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Murphy's Logic: Government action takes too long

It’s now been almost four months since the Commission into the 2020 Nova Scotia mass murder presented its final report to the federal and provincial governments. It was a sweeping indictment of the RCMP’s response during and after the murders. Its strong words prompted a commitment to strong action by the RCMP and its political masters.

But as so often happens, the months are now quickly slipping by with little evidence of concrete action.

We are told these things take time - but in this country, they take too much time.

It took far too long - and growing public pressure — to get this inquiry appointed and even then, it was less than the royal commission it should have been.

The hearings took months to complete, the report took months to write and now it’s taking months to get action.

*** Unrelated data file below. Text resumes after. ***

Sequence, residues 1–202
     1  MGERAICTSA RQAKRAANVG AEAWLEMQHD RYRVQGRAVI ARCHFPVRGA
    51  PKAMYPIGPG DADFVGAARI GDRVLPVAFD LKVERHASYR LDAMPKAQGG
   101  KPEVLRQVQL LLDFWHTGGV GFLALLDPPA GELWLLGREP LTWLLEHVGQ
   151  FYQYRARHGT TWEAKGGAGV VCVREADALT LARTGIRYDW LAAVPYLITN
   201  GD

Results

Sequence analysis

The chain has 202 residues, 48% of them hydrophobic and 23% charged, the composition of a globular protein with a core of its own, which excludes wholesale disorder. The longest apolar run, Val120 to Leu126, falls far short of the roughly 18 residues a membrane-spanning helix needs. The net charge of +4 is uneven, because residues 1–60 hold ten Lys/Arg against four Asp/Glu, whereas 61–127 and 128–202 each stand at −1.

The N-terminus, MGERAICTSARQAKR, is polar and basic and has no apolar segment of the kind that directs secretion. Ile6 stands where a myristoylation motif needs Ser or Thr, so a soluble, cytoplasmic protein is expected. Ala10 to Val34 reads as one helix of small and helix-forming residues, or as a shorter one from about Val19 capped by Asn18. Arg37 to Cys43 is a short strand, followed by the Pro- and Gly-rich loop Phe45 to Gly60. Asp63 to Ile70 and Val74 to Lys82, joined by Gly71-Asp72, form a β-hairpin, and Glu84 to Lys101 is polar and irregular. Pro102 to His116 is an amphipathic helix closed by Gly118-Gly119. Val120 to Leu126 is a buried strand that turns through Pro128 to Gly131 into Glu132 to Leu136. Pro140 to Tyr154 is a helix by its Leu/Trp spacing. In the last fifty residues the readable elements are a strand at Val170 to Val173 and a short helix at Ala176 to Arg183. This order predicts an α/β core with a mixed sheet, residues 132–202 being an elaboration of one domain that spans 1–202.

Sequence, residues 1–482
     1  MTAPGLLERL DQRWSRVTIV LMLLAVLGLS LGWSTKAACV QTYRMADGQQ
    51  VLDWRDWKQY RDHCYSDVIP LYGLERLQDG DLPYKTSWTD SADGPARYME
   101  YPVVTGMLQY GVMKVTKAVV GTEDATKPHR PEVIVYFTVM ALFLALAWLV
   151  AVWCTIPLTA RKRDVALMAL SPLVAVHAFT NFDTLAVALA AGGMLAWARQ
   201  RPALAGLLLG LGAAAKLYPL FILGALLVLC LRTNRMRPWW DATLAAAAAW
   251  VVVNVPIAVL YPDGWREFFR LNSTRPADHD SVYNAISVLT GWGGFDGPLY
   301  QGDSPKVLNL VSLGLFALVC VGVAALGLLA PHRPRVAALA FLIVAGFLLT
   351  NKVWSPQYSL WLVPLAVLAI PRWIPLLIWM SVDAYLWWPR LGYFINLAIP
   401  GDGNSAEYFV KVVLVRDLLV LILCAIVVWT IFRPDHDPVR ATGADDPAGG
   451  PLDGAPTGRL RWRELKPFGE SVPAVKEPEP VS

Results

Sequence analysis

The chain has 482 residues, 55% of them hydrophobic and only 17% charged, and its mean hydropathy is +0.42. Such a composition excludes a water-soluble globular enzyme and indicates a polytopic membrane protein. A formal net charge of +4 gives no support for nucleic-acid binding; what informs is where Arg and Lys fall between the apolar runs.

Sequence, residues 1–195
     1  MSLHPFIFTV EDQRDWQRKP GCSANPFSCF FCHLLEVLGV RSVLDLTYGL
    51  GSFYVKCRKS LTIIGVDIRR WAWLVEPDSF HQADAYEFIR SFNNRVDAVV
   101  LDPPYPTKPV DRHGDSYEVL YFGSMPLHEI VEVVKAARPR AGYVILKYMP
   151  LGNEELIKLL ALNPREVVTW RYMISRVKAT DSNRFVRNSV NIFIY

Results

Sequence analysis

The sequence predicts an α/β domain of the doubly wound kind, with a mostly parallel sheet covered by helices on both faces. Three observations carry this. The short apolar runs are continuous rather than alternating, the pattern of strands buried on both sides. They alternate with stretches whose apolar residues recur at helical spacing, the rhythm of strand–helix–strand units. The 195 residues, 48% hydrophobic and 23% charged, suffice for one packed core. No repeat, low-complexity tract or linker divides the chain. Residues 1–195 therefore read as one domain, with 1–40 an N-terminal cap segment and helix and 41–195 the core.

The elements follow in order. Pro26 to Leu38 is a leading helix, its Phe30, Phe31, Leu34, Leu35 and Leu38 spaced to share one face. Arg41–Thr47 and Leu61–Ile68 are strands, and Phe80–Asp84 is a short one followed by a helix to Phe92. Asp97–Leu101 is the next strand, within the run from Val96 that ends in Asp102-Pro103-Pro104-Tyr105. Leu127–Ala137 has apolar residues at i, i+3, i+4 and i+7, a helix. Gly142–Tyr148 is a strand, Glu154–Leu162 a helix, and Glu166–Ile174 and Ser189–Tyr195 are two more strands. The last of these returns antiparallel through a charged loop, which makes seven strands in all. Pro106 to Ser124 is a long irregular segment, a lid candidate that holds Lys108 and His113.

It’s now more than three years since the murders.

It’s been even longer – six-and-a-half years - since Afghanistan veteran Lionel Desmond killed three members of his family, and then himself, and five years since the appointment of a judicial inquiry into why. Even with the delays attributed to COVID-19, that’s too long.

Ironically, the presiding judge has just been replaced - even though he says he was just weeks from presenting his findings. That guarantees an even further delay.

Parkinson’s Law states that work expands to fill the time allotted for its completion. We need to tighten the timelines for inquiries, final reports, and action.

It is important to take a reasonable amount of time to get important things right.

But it’s not reasonable to make those who lost their loved ones - and the general public - wait literally years for answers and action.     

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